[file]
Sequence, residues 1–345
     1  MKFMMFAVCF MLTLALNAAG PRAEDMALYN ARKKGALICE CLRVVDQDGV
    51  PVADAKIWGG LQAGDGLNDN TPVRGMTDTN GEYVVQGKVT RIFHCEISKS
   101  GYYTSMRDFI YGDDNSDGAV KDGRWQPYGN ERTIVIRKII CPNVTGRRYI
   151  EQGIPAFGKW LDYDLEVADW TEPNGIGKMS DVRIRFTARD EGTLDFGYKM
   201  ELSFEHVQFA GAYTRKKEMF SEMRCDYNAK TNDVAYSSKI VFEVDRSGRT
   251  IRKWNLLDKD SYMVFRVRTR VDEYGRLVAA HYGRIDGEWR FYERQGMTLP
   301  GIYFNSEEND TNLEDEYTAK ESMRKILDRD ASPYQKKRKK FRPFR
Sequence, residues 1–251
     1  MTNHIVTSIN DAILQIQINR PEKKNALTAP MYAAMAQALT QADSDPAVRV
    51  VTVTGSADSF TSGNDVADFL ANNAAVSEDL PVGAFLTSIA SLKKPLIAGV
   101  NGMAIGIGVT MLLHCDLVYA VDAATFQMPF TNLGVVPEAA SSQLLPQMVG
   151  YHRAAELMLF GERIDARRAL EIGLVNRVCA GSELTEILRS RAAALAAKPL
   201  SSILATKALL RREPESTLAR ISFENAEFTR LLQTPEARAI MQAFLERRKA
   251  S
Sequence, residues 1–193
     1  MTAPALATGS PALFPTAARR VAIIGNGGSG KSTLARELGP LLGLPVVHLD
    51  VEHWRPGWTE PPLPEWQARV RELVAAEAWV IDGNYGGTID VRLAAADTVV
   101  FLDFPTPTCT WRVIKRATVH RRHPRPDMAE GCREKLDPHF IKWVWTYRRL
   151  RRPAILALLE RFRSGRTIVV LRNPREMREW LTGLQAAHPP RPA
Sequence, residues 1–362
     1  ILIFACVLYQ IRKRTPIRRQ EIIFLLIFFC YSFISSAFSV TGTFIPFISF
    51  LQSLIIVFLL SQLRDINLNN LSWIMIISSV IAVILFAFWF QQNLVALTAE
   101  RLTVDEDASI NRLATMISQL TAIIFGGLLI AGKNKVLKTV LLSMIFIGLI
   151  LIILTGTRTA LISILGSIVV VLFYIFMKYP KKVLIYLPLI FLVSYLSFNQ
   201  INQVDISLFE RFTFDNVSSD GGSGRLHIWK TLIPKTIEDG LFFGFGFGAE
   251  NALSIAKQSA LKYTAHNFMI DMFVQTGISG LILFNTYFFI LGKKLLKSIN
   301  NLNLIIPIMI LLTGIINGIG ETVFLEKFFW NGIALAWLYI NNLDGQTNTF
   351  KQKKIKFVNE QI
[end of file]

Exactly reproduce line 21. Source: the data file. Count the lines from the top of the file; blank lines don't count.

Sequence, residues 1–362